Letters to the Editor

No conspiracy here

▪ On Feb. 26, 1993, the World Trade Center was bombed. In 1995, 10 Islamist extremists were convicted of conspiracy charges. In 1998, Ramzi Yousef, the mastermind of the attack, was convicted.

▪ On Nov. 13, 1995, in Riyadh, Saudi Arabia, a car bomb exploded at U.S. military headquarters.

▪ On June 25, 1996, in Dhahran, Saudi Arabia, truck bombs exploded outside the Khobar Tower military complex.

▪ On Aug, 7, 1998, in Nairobi, Kenya, and Dar es Salaam, Tanzania, truck bombs explodes nearly at the same time in two U.S. embassies.

▪ On Oct. 12, 2000, in Aden, Yemen, the USS Cole was damaged by a boat loaded with explosives.

Under the Clinton administration, radical Islamic terrorist were at war with us.

After the attack on Sept. 11, 2001, the Bush administration wasn’t going to allow what had been going on with Saddam Hussein, with the U.N. for 12 years, to continue. The risk of him having material to provide to surrogate terrorist groups could no longer be tolerated.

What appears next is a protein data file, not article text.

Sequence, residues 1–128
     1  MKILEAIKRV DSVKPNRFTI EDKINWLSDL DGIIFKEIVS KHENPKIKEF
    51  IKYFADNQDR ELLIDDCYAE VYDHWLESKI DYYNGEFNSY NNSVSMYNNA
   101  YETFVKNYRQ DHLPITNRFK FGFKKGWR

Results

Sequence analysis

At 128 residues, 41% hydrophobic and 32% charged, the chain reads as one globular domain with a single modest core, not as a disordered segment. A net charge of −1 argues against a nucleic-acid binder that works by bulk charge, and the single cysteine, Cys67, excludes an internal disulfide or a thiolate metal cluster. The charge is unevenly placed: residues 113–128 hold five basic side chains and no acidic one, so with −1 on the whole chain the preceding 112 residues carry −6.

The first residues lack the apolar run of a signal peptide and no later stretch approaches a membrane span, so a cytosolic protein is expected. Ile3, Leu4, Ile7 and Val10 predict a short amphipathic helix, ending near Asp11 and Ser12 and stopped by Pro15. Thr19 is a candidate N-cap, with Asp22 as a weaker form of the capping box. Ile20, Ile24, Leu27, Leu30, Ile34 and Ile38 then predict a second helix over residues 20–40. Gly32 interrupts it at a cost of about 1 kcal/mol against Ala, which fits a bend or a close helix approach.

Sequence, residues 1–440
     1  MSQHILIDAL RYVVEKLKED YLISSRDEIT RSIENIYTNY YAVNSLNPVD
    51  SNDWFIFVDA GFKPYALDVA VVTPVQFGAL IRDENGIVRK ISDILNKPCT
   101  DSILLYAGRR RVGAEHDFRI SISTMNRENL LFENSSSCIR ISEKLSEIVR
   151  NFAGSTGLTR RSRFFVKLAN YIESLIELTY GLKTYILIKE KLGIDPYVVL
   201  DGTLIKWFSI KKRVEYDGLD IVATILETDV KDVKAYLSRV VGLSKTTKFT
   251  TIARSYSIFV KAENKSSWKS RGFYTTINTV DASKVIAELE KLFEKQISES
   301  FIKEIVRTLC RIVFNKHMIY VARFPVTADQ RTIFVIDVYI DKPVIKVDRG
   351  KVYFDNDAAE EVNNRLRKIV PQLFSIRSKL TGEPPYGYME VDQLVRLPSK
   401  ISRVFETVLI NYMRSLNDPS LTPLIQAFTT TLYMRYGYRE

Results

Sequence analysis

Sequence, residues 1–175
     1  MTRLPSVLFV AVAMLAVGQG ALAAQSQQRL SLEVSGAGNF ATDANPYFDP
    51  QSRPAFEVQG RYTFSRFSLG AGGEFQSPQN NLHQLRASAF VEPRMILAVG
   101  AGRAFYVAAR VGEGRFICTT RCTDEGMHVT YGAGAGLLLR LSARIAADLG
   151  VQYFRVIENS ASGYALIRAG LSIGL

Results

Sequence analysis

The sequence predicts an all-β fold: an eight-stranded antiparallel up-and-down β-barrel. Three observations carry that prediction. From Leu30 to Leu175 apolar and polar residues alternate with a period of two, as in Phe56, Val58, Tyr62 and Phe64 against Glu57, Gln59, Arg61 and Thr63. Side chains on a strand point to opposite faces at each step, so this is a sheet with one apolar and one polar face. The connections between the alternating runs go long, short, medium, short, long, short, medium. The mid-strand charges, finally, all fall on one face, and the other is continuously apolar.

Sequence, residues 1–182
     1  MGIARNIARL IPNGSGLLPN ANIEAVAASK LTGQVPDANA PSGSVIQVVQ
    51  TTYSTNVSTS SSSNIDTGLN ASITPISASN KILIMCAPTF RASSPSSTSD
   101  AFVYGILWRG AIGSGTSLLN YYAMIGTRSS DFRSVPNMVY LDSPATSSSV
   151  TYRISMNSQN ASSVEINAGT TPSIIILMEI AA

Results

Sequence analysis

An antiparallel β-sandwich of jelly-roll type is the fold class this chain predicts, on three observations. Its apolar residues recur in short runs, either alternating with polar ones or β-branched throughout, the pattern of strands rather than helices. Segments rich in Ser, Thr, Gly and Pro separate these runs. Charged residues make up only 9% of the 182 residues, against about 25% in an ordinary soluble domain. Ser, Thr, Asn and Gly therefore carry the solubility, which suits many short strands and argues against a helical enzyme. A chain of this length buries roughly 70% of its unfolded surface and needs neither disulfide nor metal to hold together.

As far as the Bush lies, the 16 words used in the State of the Union Address was what the British “learned.” I have a copy of “Iraq’s Weapons of Mass Destruction – The Assessment of the British Government.” Thus, for the Bush lied group, there had to be a huge mass conspiracy. Huge because when Secretary of State Colin Powell made his statements before the U.N., no nation came forward to counter what was given.

H. J. Res. 114: Senate: 77 – 23 (Joe Biden, John Kerry and Hillary Clinton, “yea”) to use military force against Iraq.

Russell C. Fette